Share the Load
Do you feel like you're the only person doing work in the house? Let’s talk about how to run a household meeting so you can share the load, delegate some of those tasks, and reduce tension.
Introduce the idea
First, introduce the idea to your household, bring everyone together and explain why you want to do this. Why do you want to have a family meeting? You can explain here that it becomes too much for you, and you'd like to engage everyone in the process of running your household. Work out who needs to be there and organize a regular day during the week so that you can have this meeting and block it into everyone's diary.
Set an agenda and who will lead the meeting.
Next, create a list of things that you would want to talk about, the things you might need help with, or you would like to share with your family, or help them understand. We call that sort of list an agenda. And it might just live on a piece of paper that ultimately lives on the fridge so that everyone can eventually learn how to contribute to that. Since you're organizing these meetings, you're probably going to lead them. The name we usually give to the person who leads a meeting is the chair. So in the first instance, you would be the chair. Ultimately, you'd like all your members of the household to be able to chair the meetings as their skill grows. In the first instance, you're going to be the chair.
Run the meeting
Step three, run that meeting! But how?
There you are, everyone's sat around the table. First thing you want to do is be really clear that on the time limit. For the first meeting, an hour is suggested. Tell people what you're going to do afterwards for a reward. It might be a special dessert or some games that you're going to play.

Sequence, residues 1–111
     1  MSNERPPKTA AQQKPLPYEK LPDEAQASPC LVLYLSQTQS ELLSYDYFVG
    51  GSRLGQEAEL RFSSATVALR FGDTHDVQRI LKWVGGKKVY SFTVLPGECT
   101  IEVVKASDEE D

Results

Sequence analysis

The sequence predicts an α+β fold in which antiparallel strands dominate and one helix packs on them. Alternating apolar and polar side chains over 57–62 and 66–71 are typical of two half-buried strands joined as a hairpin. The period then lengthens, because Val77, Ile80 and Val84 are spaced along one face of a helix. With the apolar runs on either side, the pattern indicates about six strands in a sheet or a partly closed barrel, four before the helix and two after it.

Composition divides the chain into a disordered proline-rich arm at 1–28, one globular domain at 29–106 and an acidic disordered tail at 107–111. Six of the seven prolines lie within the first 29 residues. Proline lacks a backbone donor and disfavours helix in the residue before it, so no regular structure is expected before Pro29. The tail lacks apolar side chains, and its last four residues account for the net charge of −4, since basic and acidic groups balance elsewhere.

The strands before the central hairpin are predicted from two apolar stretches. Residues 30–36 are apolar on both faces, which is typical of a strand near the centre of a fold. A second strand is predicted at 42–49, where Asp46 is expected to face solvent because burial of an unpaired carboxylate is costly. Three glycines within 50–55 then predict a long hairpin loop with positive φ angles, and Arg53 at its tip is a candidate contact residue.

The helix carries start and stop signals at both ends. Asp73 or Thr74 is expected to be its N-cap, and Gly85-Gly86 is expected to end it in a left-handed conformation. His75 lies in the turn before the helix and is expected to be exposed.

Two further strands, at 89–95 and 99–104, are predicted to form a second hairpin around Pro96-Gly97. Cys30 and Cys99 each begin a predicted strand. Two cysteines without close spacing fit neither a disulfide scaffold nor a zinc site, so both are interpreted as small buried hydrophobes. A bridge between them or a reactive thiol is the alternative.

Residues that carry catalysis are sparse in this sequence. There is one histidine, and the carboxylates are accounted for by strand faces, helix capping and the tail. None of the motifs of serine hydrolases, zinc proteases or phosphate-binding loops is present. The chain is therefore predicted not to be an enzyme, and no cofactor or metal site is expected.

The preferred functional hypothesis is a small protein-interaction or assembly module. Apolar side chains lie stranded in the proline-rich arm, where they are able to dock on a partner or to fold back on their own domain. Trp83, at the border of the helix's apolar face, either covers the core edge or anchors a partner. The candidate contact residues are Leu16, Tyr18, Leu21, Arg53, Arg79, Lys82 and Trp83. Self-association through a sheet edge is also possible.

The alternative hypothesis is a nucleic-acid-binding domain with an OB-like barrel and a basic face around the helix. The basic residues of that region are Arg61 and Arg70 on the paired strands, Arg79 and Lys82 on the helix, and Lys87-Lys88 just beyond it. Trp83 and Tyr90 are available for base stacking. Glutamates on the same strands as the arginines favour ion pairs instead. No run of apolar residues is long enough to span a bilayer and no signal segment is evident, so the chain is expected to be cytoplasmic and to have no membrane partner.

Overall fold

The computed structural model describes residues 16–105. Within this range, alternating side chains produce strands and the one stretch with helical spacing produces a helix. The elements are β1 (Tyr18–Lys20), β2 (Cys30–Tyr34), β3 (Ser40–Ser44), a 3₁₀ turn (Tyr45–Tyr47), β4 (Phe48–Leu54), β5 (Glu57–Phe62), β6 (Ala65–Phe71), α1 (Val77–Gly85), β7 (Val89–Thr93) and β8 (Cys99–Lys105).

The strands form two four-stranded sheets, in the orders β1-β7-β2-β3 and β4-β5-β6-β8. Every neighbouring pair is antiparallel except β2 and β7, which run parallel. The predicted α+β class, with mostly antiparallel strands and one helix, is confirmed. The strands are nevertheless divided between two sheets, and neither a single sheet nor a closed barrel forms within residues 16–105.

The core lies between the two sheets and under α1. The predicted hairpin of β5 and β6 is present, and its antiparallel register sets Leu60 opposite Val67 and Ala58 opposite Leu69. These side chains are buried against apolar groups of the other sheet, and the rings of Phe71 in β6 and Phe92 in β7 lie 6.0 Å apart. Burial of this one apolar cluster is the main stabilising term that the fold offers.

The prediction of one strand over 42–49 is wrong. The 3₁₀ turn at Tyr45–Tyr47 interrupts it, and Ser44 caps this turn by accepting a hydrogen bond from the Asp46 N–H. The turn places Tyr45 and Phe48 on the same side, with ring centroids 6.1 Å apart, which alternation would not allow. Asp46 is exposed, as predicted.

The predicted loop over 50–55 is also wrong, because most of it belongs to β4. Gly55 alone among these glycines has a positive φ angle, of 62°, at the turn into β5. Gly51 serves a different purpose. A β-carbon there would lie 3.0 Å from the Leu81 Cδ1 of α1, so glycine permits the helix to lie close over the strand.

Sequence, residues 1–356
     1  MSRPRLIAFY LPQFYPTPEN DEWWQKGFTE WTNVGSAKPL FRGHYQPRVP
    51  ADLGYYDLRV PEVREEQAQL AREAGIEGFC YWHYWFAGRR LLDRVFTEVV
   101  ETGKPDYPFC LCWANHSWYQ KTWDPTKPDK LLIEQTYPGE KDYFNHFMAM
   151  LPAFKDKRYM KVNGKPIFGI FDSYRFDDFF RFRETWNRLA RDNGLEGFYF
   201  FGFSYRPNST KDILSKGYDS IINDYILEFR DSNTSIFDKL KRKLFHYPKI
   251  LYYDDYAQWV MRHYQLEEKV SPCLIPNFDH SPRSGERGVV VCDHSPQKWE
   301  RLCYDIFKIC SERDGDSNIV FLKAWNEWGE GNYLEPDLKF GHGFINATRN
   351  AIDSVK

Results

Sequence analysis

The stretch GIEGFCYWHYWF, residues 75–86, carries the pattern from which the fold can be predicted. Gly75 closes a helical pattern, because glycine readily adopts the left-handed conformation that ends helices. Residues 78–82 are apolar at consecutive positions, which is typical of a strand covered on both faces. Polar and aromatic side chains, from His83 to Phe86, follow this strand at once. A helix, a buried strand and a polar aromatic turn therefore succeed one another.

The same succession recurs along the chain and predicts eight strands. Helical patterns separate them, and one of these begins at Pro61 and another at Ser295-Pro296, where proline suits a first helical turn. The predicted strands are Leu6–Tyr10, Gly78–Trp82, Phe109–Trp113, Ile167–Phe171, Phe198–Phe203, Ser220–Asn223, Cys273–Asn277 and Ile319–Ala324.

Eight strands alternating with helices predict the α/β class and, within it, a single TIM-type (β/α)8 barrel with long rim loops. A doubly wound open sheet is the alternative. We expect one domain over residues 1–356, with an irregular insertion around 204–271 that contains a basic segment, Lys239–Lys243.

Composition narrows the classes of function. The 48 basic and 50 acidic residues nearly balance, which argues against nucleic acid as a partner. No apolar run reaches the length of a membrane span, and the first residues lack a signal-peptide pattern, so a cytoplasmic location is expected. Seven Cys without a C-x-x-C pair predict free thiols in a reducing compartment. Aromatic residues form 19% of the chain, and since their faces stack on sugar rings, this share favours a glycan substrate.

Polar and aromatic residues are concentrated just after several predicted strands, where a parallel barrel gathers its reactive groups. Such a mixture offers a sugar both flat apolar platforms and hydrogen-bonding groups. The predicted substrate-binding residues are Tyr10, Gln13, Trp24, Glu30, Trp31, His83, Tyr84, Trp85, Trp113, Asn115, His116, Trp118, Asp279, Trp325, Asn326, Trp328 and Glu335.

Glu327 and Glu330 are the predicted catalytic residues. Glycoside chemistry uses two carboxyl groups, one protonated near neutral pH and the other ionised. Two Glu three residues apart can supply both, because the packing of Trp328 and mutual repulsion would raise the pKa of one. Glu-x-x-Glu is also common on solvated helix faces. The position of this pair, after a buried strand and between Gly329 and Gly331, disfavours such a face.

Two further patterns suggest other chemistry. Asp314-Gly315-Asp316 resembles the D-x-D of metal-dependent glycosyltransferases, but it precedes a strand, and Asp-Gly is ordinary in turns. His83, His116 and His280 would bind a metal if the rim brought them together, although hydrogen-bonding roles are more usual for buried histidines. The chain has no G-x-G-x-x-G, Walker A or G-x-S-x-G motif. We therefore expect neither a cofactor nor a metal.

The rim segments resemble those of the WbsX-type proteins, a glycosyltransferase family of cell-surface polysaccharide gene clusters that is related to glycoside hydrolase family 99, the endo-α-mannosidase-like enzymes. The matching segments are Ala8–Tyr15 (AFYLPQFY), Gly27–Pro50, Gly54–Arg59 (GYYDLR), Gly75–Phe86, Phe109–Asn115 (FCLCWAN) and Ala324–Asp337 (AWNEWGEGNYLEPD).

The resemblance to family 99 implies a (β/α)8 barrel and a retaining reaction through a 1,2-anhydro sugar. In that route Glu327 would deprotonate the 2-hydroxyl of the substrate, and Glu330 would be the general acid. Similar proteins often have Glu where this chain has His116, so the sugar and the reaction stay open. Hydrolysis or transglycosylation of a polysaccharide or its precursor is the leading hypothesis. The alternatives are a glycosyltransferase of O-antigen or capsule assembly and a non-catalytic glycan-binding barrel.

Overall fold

Your role is to take the group through the agenda. That doesn't mean you do all the talking. What you want to do is call in all the people around your table to use their knowledge to solve the problems.
This isn't all about work. Spend a bit of time on what you're going to do in the next week, maybe problem solving, who's going to take the dog to the vet, who needs being picked up after sport. And also do some long-term planning for exciting or fun things, maybe planning someone's birthday, or planning a trip away, thinking about Christmas, and those long-term ideas that need to percolate and grow.
And then record your decisions on the agenda sheet, put it back on the fridge. Close the meeting on time and have that dessert!
The word household can be used very loosely. It may be the people who live inside your house. There may also be other people who live outside your house who are critical to making your life or the life of other people in your house function. It might be carers who live externally, family members, grandparents, neighbours, who contribute critically to the running of your household and to the making of life function. And please feel free to invite them into your meetings too.
Making it work
You may say "that all sounds terrific. It's never gonna work in my household because this child won't do it or that person will will not get the task done."
A way to work through this is to go through your agenda and tick off what's been achieved. Note what's in progress, praise, say well done, and notice the people or the situations that are still needing to be undertaken and say, “let's have that conversation separately.” Don't have those difficult conversations in the meeting. Make it clear you expect it to be done, and talk with them in detail elsewhere. If you need to have one of these potentially difficult conversations, listen appreciatively. Don't come in with a judgement, finger waggling, assuming you know what happened, because something might have occurred that you didn't know about. You can then learn from them, and they can learn from you why these meetings, these agendas are so important.
Family meetings are a great way to connect with everyone, share the load, and have fun.
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